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How to Prevent a Severe Financial Distress Because of Divorce

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Divorce isn’t cheap. On average, it could cost $15,000 individually. It could even hurt the economy.

Writing for Investopedia, Amanda Haury once cited that a high divorce rate could slow down economic growth by reducing the income of a household. The easiest way to understand this is to divide a family’s potential earnings into two.

Meanwhile, the National Bureau of Economic Research cited studies, one of which revealed that family income could decline by as much as 45% if the parents divorced (and stayed that way) for over five years.

Not all marriages end up happily ever after. In many situations, it might be healthier for couples to stay apart than be together. However, how can they avoid getting poorer in the end, especially when they have children?

1. Leave with a Plan

It’s valid for former couples to feel all sorts of negative emotions during the divorce process. But unless one needs to avoid the other at all costs, they need to consider leaving with a plan. They have to:

  • Divide their assets accordingly
  • Define the custody of the children
  • Determine the ideal spousal and children’s support
  • Execute prenuptial agreements (if there’s any)

Fortunately, couples can approach family and divorce attorneys for help. However, because rules can vary between states, a divorce lawyer, for example, can only work with couples whose divorce fits the criteria of the Beehive State.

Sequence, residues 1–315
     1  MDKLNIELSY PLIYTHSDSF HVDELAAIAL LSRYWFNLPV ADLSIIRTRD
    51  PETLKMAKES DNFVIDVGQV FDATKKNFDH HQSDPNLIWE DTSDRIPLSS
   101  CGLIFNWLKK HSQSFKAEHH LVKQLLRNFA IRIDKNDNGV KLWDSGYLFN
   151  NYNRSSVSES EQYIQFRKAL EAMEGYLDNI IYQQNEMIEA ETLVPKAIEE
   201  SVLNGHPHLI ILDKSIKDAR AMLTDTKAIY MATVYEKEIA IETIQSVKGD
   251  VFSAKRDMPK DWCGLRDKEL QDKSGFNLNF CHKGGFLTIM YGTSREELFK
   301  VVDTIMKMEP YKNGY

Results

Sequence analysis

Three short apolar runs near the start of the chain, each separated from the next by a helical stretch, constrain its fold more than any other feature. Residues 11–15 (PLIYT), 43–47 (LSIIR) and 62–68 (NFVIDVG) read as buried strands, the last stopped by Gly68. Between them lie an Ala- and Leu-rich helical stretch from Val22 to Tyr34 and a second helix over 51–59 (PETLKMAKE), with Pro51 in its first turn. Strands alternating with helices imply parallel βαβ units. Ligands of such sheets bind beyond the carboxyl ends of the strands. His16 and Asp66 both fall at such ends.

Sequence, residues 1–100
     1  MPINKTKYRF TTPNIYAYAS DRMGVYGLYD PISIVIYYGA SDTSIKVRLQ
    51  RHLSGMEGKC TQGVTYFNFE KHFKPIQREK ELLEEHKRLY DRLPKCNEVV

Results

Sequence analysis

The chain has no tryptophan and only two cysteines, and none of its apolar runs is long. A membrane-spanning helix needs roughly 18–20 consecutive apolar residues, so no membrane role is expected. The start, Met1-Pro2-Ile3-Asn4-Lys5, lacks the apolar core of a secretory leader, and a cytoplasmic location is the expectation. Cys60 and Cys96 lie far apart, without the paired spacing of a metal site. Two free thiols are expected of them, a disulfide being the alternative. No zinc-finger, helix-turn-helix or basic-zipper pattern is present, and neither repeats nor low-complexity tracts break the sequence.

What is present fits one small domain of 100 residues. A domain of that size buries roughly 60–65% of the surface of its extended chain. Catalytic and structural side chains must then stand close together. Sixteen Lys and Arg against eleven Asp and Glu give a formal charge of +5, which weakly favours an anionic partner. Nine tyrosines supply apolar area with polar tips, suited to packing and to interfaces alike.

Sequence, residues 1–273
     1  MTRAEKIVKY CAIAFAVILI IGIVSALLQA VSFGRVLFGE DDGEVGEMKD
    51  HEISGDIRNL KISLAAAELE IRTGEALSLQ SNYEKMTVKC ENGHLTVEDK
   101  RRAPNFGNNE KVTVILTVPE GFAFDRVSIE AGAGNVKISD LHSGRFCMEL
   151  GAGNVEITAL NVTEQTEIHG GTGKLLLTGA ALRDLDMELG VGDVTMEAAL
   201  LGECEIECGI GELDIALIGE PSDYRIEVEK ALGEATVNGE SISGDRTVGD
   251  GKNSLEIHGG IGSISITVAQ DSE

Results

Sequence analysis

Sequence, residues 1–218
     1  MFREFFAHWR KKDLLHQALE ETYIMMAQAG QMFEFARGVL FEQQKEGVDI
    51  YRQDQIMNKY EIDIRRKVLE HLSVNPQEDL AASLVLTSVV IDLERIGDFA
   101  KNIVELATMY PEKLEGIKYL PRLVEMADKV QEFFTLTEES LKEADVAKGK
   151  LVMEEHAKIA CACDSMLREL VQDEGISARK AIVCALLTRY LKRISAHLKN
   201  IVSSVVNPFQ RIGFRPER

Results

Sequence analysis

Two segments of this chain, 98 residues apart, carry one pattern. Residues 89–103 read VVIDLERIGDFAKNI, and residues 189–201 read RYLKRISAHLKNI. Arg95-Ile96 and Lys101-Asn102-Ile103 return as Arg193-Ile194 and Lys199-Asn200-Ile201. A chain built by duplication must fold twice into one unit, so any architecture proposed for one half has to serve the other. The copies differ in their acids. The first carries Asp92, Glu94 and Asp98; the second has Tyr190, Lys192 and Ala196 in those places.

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2. Be Open During Negotiations

Ex-couples need not turn their divorce into a soap opera. By leaving the drama behind, they could shorten the process and even save tons of money:

  • They can spare themselves from having to pay more professionals.
  • They can spend less on their lawyers, who bill their services hourly.
  • They can move on faster and rebuild their finances as soon as possible.

Today, divorce lawyers can lay down multiple approaches, and many of them don’t have to end up in court, such as collaborative divorce and mediation. Regardless of how the former spouses would like to approach theirs, keeping an open mind all throughout is vital to end it quickly.

3. Prepare for the Financial Changes

The reality is that divorce will result in financial struggles for either of the parties. Ex-Partner A might need to pay alimony or spousal support for a long period. Meanwhile, Ex-Partner B might not receive financial support right away. Both will spend thousands of dollars on the process.

Embracing these changes, no matter how difficult, though, will help them prepare themselves financially, especially after the divorce. Even before they sign the papers, both parties can:

  • Begin looking for jobs to augment or build their income
  • Talk about how to pay off their debts, which can include settling them with their assets
  • Set up a bank account for the children
  • Identify their cost of living post-divorce
  • Start a savings account under their name

There’s no easy way to divorce, but it doesn’t have to break the bank or leave either or both people financially struggling. Even if they meet such challenges, they need not last a long time, too.

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